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Through the Garden Gate: Pomegranate, Ancient Fruit Full of Ruby Red Arils

The pomegranate (Punica granatum) originated in the region extending from Iran to northern India and has been cultivated since ancient times throughout the Mediterranean region. It was introduced into Spanish America in the late 16th century and into California by Spanish settlers in 1769.

The pomegranate is a fruit-bearing deciduous shrub that grows between 6' and 12' tall. Left to itself, it will also grow about that wide, so if you have a small yard, you may want to prune it into a more narrow version or remove the lower limbs to give it a small tree-like look. It can be grown as a single trunk small tree or multi-trunked bush with 3-5 trunks. You may wish to keep it in the back of your garden due to its size and abundance of thorns. It can endure temperatures down to 12 degrees before being damaged, and usually starts to leaf out after all danger of frost has passed. The fruits contain hundreds of arils (seeds), that are very sweet and nutritional.

Since it's been around for so long, it has developed a huge amount of folklore, as well as being shown in art and has had various religious and cultural uses.  Ancient Egyptians regarded it as a symbol of prosperity and ambition. Hindus believe that the pomegranate fruit is a fertility enhancer and recommends that women who want to get pregnant eat this fruit in abundance  It figures prominently in Greek mythology, as in the myth of Persephone, married to Hades and required to spend the number of days there each year equal to the number of seeds in a pomegranate, before she can return to her family in the heavens above.  If she would have asked a master gardener, she might have been told to grow a miniature pomegranate bush, whose fruits are much smaller, only slightly larger than a golf ball, and hold only a fraction of the amount of seeds in a full-sized fruit, thereby allowing Persephone to spend the majority of the year away from Hades.

For more information on myth, lore and health benefits of the ancient pomegranate, visit this website below, or just search for pomegranate and you will have lots to read. “Fun Facts on Pomegranate in Religions and Mythology”, at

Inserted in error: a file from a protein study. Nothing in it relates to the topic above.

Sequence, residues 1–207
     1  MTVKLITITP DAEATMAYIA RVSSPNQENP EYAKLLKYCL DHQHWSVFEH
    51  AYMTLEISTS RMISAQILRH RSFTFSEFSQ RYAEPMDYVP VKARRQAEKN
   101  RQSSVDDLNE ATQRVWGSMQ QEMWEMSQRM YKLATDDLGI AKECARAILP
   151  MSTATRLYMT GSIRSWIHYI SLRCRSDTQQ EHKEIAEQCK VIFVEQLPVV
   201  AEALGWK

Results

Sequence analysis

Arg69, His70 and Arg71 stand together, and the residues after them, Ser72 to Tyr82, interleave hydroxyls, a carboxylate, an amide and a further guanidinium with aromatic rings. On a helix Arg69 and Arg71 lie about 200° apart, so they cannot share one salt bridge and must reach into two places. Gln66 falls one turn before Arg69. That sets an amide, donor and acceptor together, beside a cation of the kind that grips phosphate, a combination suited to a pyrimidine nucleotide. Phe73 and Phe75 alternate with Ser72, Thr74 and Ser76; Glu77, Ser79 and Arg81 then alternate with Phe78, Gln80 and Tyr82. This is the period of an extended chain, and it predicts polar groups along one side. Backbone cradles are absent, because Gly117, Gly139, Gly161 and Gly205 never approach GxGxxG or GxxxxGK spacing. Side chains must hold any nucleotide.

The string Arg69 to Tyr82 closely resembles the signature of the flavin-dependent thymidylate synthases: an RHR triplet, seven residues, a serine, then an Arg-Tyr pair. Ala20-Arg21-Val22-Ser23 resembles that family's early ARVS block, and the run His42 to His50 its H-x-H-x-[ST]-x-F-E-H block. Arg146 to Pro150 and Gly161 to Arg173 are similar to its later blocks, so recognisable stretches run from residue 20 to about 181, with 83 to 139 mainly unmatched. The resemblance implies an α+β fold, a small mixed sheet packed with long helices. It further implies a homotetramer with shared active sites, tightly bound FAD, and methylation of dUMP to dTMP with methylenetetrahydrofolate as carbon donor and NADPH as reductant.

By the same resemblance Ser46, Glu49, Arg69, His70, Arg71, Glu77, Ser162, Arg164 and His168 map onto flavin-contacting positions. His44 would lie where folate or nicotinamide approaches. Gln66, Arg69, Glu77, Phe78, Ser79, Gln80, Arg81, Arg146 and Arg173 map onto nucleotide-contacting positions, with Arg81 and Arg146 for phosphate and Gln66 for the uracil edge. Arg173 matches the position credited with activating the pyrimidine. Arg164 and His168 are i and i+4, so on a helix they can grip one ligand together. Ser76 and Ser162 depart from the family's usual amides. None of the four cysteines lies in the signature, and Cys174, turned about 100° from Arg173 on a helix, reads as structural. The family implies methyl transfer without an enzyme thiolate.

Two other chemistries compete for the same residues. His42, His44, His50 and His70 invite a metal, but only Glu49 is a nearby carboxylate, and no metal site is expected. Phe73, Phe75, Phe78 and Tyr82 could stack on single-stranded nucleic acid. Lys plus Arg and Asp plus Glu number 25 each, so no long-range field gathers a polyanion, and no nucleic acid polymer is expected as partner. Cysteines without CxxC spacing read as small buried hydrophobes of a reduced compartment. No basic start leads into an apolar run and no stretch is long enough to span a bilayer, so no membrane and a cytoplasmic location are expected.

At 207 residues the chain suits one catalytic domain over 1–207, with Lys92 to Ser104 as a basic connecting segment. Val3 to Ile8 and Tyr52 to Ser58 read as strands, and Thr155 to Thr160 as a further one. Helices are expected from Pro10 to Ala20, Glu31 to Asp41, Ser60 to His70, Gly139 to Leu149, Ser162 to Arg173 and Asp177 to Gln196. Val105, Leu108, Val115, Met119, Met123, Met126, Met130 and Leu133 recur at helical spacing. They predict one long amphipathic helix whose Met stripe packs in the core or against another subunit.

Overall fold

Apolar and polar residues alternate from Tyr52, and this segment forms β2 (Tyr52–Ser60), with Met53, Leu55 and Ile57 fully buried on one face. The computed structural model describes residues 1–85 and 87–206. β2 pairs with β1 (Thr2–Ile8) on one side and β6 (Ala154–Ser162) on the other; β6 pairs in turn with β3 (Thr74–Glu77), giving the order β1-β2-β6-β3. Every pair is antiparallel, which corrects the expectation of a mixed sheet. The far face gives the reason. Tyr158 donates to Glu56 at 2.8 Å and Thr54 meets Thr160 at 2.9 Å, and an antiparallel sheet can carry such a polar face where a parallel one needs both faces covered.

http://www.amazing-pomegranate-health-benefits.com/pomegranate-in-religion-and-mythology.html

 

 

Pomegranate geometry. photos by David Bellamy
Pomegranate geometry. photos by David Bellamy

Pomegranate over garden gate.
Pomegranate over garden gate.

Close up.
Close up.

Posted on Friday, February 21, 2020 at 10:22 AM

Martin Hauser: 'The Curious Case of the Stingless Bees of Palo Alto'

Martin Hauser of the California Department of Food and Agriculture will speak on stingless bees of Palo Alto at the Pacific Coast Entomological Society meeting on Feb. 27. Here he introduces Madagascar hissing cockroaches to Bohart Museum of Entomology guests on Feb. 15 during the UC Davis Biodiversity Museum Day. (Photo by Kathy Keatley Garvey)

The title is intriguing: "The Curious Case of the Stingless Bees of Palo Alto." Isn't it illegal to import stingless bees in the United States? It...

Martin Hauser of the California Department of Food and Agriculture will speak on stingless bees of Palo Alto at the Pacific Coast Entomological Society meeting on Feb. 27. Here he introduces Madagascar hissing cockroaches to Bohart Museum of Entomology guests on Feb. 15 during the UC Davis Biodiversity Museum Day. (Photo by Kathy Keatley Garvey)